6. Transaction disputes have become too easy according to 72% of the merchants
The possibility for disputes arose as a way to protect the customer as the more vulnerable part in a transaction. However, more than 53% of the card issuers and 72% of the merchants agree that it has become too easy for customers to file a dispute, which contributes to the growing percentage of friendly fraud – a case in which often legitimate transactions are disputed to avoid making a payment.
7. 43% of in-app purchases for digital goods arise from friendly fraud
As we just mentioned, friendly fraud can be really challenging for companies, especially in the case of Card-not-Present transactions where merchants do not meet their customers face-to-face.
Approximately 43% of in-app purchases are associated with friendly fraud, which can be an indicator for either fraudulent transactions or legitimate purchases made by customers that want to avoid the payment. In any case, it is one of the most distressing chargeback statistics for digital merchants, and should be taken into account when applying security measures.
8. Management costs for a chargeback account for almost 50% of the transaction value
According to Javelin Strategy & Research, the breakdown of overall chargeback costs goes as follows: for each dollar of a product’s value, $0.43 cents goes to management costs, $0.37 for chargeback fees, and $0.70 for labor costs.
9. 40% of merchants do not track customer behavior after a chargeback
Despite the increasing number of chargebacks, a high percentage of online merchants do not keep track of customer purchasing behavior after a dispute. Considering the fact that a lot of disputes are a result of friendly fraud, it is important to monitor user behavior to avoid more chargebacks.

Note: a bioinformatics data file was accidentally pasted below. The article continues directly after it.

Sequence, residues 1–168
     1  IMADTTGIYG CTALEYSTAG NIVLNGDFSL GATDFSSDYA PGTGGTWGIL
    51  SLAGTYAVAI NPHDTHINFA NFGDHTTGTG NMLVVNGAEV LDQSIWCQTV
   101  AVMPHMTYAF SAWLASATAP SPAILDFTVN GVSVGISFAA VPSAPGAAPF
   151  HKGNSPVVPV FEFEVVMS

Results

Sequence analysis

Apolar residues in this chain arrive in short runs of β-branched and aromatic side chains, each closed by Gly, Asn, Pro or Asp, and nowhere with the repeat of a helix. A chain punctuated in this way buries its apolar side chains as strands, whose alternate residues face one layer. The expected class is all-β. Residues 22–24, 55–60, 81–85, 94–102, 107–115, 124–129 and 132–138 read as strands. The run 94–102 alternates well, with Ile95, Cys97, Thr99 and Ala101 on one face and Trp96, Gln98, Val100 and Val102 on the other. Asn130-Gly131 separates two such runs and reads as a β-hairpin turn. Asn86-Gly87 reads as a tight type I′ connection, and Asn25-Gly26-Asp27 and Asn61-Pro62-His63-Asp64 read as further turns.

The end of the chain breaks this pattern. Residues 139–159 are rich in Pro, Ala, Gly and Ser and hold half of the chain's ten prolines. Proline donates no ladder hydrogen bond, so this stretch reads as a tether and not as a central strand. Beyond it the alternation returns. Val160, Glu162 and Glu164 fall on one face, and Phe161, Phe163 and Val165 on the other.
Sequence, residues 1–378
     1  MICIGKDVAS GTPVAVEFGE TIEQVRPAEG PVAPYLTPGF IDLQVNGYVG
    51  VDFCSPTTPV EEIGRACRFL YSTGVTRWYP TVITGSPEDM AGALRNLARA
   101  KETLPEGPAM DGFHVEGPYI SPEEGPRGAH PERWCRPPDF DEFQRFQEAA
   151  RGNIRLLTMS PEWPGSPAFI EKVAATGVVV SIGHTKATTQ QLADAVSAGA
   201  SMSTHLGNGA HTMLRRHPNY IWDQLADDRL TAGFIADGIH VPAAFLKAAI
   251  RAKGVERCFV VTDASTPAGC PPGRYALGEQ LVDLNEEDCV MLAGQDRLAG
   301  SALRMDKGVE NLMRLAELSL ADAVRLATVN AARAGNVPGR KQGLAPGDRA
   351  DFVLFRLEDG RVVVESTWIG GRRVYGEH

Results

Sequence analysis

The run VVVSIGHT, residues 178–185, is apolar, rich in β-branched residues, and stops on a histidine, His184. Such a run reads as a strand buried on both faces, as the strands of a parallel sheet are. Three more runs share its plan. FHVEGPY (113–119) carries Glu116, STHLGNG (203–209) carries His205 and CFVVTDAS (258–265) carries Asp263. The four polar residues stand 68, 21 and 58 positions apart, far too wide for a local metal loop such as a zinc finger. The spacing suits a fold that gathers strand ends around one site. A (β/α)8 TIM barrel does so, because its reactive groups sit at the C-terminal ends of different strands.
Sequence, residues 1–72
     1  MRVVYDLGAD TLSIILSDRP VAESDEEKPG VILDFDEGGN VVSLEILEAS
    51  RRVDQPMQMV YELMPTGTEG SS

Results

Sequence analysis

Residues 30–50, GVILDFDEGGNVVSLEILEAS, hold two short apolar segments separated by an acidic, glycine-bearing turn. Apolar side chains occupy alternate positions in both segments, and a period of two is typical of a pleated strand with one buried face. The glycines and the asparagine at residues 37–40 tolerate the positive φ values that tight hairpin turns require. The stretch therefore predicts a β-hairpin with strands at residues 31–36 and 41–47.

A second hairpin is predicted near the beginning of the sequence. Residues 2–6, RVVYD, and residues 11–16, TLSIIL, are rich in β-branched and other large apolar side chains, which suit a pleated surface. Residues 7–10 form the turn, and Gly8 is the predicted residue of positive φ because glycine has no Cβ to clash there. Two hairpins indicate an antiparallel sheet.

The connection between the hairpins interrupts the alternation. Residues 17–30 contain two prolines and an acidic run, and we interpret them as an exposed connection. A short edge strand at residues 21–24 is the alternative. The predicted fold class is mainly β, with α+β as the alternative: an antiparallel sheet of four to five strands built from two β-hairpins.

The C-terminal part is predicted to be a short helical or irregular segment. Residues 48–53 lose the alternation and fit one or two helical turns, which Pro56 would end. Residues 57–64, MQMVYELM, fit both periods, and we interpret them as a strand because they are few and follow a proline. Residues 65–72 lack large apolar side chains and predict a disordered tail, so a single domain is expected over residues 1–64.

10. Fast resolution of disputes is beneficial for merchants
Although costs for handling a chargeback often exceed the value of a product, a fast resolution of disputes is important for maintaining your reputation and your customers in the long run – even if this resolution is not in favor of the merchant.
In fact, when disputes are resolved after the first call, 81% of the customers will not stop using the same credit card card, and 64% will continue shopping at the company despite the issue.
Chargeback statistics: how can merchants reduce chargebacks?
Unfortunately, there is no way to completely eradicate chargebacks from your company’s activity, but there are some efficient ways to reduce their number and damage. One of them is using a PCI-compliant Payment Gateway such as MYMOID, which gives merchants more control over their payment logic while encrypting and securely transferring cardholder data.
To discover the rest, visit our post 10 ways to reduce chargebacks.
For more information on the types of online fraud, take a look at our post Online Payment Fraud: definition, types, and protection
Note: This article was made using chargeback statistics from the Chargeback Triangle Report by Verifi and Javelin Strategy & Research.